The New York City Mayor's Office of Media and Entertainment has released its latest Reel Jobs campaign, and the message is clear: this is the place to be, to live, and to work if you want to make TV or movies. The five-spot effort, directed by Artists Company's Mike Rowles, features a skillful edit from Fluid Editorial and beautiful color grading, conform and mastering from Nice Shoes (all three companies are - no surprise - based in NYC).
Each of the five :30s explores a different facet of the city's vibrant film industry, unfolding in a rippling split-screen montage of stunning city scenes, interviews, and action shots. The Kirshoff family talks about the city's gorgeous scenery while calmly blowing up an SUV. Christina discusses her Queens, NY roots and the network of NYC-based suppliers who help her create sets for Gossip Girl. Manny, a self-styled special-ops soldier of the TV and film industries, prowls the streets in a full-body steadicam mount while waxing poetic about New York's diverse culture. Damon scours New York for shoot locations, reinforcing his claim that the production armies overtaking the streets comprise mostly New Yorkers. John and Lisa explain how local vendors make the elaborate period pieces in the expansive wardrobe they design for HBO's Boardwalk Empire.
"We had some big stories to tell in just 30 seconds," stated Fluid EP Laura Relovsky. "Using a dynamic split screen gave us an awesome vehicle to tell each story and show how magical the city can be for a commercial or film backdrop - plus it allowed us to use as much of Mike's amazing footage as possible. At Fluid, we are constantly pushing the boundaries of visual storytelling, and the delicate balance of multiple images simultaneously appearing onscreen was enormously fun challenge that delivered something most people haven't seen before."
The editorial team of Peter Sabatino, Zeke O'Donnell, Michael Equi and Heather Danosky worked with Nice Shoes' color and finishing artists Chris Ryan, Russ Bigsby, and Vin Roma to deliver the full complement of very complicated spots, a process streamlined considerably by the hands-off, let-the-talent-work attitude of the mayor's office.
As Fluid assembled, Nice Shoes worked on color grading, conforming and mastering the spots, preparing various versions for play in Cinemas, on TV and in NYC taxis. The studio's powerful pipeline allowed them to breeze from color to conform and deliver the finished spots very quickly.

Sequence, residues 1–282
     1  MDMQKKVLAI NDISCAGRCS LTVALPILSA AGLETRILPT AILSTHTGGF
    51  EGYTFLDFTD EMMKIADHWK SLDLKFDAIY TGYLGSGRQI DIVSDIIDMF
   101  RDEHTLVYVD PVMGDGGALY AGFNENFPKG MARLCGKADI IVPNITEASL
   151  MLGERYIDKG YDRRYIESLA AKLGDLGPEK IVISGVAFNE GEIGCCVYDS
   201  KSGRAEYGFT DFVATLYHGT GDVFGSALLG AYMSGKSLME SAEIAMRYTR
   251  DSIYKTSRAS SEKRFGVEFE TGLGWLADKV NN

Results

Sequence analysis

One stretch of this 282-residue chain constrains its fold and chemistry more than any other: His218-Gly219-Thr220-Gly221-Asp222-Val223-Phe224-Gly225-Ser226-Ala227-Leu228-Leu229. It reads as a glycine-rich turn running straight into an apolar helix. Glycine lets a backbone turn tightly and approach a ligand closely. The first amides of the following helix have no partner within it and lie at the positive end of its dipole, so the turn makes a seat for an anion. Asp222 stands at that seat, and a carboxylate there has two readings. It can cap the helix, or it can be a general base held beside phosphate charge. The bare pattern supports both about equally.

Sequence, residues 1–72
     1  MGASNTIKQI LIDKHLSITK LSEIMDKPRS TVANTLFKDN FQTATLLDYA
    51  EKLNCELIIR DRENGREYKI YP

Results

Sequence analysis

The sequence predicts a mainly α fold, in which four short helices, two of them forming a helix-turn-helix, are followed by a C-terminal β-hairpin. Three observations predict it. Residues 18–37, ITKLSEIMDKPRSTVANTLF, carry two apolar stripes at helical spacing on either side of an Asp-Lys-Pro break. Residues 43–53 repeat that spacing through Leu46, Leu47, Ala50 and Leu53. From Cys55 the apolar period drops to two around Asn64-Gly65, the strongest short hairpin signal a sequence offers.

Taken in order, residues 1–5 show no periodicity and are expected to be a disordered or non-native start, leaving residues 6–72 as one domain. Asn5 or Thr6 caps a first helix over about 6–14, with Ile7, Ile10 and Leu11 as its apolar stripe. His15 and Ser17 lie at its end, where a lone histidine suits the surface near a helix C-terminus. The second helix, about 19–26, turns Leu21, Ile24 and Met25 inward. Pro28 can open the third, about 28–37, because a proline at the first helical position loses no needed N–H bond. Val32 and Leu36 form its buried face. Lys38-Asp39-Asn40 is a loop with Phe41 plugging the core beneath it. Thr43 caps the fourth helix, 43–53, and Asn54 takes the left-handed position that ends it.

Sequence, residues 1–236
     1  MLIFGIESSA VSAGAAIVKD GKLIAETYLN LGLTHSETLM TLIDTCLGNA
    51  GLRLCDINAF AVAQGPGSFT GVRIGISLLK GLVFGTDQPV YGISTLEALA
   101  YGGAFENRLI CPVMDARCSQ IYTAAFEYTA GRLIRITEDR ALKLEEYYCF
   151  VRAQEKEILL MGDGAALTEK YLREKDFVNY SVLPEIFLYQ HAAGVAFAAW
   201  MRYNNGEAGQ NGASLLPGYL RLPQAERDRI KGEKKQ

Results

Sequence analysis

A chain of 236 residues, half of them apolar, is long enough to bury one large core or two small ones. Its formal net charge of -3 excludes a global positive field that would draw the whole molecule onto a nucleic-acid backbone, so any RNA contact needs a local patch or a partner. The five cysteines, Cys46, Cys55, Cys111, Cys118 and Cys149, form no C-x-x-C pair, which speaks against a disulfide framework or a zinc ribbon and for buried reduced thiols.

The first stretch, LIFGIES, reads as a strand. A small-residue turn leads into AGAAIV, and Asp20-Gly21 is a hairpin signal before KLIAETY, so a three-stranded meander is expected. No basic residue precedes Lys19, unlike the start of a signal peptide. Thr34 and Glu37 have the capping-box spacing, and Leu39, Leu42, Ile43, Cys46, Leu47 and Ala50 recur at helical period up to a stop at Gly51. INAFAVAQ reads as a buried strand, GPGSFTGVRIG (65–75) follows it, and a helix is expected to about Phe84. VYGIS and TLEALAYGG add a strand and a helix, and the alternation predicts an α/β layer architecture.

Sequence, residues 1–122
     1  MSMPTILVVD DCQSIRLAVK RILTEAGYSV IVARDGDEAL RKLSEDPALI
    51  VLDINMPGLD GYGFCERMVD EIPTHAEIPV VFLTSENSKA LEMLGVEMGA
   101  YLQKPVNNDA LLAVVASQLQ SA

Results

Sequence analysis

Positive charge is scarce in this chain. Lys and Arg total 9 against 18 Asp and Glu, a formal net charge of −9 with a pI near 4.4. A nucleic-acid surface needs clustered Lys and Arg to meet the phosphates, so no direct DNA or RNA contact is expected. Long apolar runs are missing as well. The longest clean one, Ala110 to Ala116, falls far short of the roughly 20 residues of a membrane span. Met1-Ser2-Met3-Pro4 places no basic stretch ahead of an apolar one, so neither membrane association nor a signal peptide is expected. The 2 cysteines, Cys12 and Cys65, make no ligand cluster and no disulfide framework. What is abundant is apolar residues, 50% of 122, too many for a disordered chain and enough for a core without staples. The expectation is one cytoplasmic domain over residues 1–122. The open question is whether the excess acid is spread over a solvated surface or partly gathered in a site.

"The biggest challenge for us was trying to deliver a cohesive look to the campaign from so many different editors," said Nice Shoes Senior Producer Pat Portela. "Integrating the small variations within each edit and finessing the montages requires attention to detail and creative insight, but luckily we have the technology and the talent to handle just about anything," said Nice Shoes Colorist and Partner Chris Ryan. "The Baselight is the only system that allowed us to simulate this complex editorial piece and color correct them all at the same time. Being able to work like this was really helpful in executing Mike's vision."
Fluid and Nice Shoes had both worked with Rowles in the past, and the edit company worked especially closely with him throughout the creative process this time, from writing the script to stitching the final spots together. "We have an implicit trust in each other's instincts and talent," noted Fluid Editorial Editor Peter Sabatino. "Mike not only is a great director, but he also respects the insights of the editor, which makes for a very creative and efficient process. He had a vision for these spots and knew that it would be realized by letting the amazing editors at Fluid get to work." Ryan added, "I've been working with Mike since Nice Shoes opened its doors. I've always loved his photography and his aesthetic; he's always interested in experimenting with multiple looks within a single spot. We've always had a good relationship. Even though he's a Detroit Red Wings fan."
Ultimately, the project, with its opportunities to showcase such a broad range of industry talent, delivered a level of personal satisfaction for the production-oriented minds behind its creation. "This is our industry, it's what we do, and what we love," stated Relovsky. "This project felt personal and we were very happy to have a part in telling this story."
Manny first aired at the TriBeCa Film Festival, with the full package of spots running in taxis and in theaters across the city, among other places.